- It gave us an excellent sighting and an experience of a lifetime, I will reveal the reason soon.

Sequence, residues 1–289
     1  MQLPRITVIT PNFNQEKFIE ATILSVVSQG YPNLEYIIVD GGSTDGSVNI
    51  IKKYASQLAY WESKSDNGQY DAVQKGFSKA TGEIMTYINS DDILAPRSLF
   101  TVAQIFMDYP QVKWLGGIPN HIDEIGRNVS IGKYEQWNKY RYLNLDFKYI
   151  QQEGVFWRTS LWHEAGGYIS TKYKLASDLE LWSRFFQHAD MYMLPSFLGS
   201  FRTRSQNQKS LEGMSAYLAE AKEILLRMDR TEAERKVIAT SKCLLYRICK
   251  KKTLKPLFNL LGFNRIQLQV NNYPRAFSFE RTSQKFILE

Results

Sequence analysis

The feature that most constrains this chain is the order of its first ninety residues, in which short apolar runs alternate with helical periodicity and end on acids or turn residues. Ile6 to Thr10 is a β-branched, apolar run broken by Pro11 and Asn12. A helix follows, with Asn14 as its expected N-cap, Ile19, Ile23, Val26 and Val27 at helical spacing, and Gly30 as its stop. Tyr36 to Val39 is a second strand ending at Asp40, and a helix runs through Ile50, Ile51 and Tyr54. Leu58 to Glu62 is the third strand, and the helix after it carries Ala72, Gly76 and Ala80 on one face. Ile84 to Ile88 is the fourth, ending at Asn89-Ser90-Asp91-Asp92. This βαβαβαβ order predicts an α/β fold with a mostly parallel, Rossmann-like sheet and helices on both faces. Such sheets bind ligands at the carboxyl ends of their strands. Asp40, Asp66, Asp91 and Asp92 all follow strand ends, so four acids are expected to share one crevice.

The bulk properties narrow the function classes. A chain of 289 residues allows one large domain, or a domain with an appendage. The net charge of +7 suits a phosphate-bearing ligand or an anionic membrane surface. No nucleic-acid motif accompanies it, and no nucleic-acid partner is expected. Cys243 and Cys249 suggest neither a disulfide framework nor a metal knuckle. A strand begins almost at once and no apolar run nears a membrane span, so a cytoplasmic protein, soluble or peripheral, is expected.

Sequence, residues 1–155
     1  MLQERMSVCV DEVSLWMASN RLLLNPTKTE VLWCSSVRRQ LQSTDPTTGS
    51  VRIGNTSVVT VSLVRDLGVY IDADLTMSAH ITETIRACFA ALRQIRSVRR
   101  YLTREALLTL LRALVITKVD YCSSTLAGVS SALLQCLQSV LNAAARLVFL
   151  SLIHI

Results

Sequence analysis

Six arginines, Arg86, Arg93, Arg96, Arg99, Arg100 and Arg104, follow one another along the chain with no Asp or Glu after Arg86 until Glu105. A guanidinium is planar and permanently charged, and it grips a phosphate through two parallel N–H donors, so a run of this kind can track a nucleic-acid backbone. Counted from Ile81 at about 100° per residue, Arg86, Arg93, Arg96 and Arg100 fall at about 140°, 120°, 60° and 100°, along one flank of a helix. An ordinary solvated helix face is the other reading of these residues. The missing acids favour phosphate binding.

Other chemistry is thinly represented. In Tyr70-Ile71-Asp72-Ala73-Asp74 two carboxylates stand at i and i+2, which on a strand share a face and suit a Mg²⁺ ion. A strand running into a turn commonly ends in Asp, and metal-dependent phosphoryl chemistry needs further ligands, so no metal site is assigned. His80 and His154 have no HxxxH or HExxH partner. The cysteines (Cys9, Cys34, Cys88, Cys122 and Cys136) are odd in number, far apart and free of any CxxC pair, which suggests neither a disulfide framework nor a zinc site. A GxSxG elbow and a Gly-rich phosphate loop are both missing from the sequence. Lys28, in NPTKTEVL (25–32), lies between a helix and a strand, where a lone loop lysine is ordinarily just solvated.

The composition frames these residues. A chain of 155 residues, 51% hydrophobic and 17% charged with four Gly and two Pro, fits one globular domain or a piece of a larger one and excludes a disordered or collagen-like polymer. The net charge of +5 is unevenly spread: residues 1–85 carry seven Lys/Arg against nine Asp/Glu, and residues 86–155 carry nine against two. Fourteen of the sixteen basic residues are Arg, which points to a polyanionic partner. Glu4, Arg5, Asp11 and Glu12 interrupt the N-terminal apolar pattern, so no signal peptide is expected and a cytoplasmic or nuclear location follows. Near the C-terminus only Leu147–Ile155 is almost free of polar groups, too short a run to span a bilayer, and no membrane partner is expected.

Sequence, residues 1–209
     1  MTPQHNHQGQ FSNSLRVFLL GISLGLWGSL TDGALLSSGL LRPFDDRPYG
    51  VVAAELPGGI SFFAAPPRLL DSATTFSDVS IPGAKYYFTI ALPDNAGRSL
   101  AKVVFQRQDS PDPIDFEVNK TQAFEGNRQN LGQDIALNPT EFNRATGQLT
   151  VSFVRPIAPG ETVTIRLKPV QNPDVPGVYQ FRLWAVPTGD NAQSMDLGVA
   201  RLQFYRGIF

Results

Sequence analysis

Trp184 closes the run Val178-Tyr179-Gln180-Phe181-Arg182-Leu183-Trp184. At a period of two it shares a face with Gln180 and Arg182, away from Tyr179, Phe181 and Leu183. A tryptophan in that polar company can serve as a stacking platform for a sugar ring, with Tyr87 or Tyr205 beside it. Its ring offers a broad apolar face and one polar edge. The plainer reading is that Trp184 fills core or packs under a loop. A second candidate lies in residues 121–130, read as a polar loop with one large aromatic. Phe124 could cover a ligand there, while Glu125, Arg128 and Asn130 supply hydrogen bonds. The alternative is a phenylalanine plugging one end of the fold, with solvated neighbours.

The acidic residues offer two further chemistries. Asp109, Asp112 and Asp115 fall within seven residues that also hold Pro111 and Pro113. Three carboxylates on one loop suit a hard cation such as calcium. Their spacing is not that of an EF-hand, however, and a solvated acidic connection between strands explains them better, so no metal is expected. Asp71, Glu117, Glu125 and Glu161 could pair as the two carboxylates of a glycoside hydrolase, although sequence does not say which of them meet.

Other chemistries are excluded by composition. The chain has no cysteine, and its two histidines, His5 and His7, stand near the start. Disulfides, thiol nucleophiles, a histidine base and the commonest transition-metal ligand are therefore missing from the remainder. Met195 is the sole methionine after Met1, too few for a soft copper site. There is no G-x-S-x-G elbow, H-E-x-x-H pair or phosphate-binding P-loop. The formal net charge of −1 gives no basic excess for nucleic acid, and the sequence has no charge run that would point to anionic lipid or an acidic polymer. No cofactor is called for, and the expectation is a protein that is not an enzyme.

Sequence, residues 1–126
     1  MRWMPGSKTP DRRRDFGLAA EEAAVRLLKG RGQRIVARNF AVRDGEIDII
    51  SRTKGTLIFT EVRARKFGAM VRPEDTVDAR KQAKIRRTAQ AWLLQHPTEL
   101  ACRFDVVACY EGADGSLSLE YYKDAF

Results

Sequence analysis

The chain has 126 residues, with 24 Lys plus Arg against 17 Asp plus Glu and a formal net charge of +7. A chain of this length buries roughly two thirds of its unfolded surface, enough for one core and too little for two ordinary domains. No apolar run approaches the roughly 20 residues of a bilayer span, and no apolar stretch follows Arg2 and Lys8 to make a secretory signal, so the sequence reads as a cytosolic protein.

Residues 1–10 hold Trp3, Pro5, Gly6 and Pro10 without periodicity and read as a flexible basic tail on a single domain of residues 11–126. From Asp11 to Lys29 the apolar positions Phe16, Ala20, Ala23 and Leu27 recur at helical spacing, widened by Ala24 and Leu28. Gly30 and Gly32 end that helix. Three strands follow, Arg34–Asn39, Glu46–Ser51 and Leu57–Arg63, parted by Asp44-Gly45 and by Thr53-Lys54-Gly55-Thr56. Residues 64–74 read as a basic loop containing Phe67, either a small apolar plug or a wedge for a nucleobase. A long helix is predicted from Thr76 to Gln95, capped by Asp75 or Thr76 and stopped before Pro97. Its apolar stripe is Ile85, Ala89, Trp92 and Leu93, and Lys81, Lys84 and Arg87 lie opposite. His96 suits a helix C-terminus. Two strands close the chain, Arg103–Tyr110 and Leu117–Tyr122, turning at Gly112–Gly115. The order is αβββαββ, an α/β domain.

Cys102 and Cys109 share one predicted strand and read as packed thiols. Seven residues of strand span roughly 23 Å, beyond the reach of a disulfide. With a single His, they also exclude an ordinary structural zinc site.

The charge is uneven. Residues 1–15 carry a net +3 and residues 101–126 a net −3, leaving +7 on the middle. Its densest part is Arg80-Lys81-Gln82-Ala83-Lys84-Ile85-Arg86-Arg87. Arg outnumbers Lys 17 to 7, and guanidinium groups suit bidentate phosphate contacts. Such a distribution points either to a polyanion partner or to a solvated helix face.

There was a forest ranger and some forest officials on two motorcycles and about 12 gypsies enjoying the lovely sighting of this beauty. To be very honest a we saw a tiger royally resting in its habitat. We loved the tiger and were by its side in proximity for about 45 minutes before all the vehicles started reversing and making their way towards the exit point as the clock was inching towards 6.00 pm (The vehicles and the guide are fined if they dont make it to the exit checkpost before 6.00 pm) . At half past 5, we were not yet ready to make the move out of this place and wanted to wait for the tiger to cross the road and go into the dense jungle. By then we were the only vehicle near the animal. No forest ranger was close by and we could stay on. At exactly 5.35 pm, the tiger rose up and started moving towards the other side of the road, but coming as a surprise it settled at the boundary of the road towards our right side. We were really worried as we cannot speed past the animal when it is just at the boundary of the road (It is a risk of the animal attacking). We waited, but the tiger was totally unaware of its surroundings and what was happening around it as it continued to peacefully rest just beside the road. After another 5 minutes it started crossing the road, and we felt relieved as the tiger was advancing towards the denser part of the forest, but the twist in the tale comes now, this tiger just crossed the road and now settled at the left boundary of the road. DhurweJi's reaction to this scene is epic and i have recorded the same on video. After a couple of minutes the tiger rose again and this time to our relief it really started moving towards the jungle. Now the most awaited part of my entire purpose of this excerpt starts, and indeed it is the most memorable experience that I will remember throughout my life. As the tiger royally walked towards the jungle, our driver Pawan JaiswalJi revved up the accelerator and to our sudden surprise the tiger stopped its movement and turned back. It was staring and looking into our eyes, it was clearly disturbed. DhurweJi asked the driver to slow down the vehicle to avert any attack by the tiger as it seemed very fierce and scared. The dangerous thing about it was that it was only 4-5 years old and still not fully mature. So he could attack anytime and I doubted he had an intention to attack. And my doubt turned into a reality, he slowly advanced towards the vehicle. At this time he was precisely about 4-5 metres away from the vehicle, which is randomly a pounce away in a tiger's terms. He quickly paced his steps and moved towards the vehicle, there was no movement either from the guide and driver or from us. We were glued to the seat and holding the handle tightly. In about 2-3 seconds time, he had stopped moving and continued his way into the jungle. Things were back to normal and we had just experienced something that no one might have even thought of. We were in a state of surprise for about 10 minutes and the driver had already consistently clocked a speed of 60 kmph, as compared to the permitted 20 kmph to reach the exit checkpost faster. At exactly 6.01 pm we had reached the exit point and had just experienced a very unique sighting of "THE ROYAL BENGAL TIGER". The ferocious look of the tiger still hovers in my mind whenever i think of it. This still gives me goosebumps and indeed it was a lifetime experience.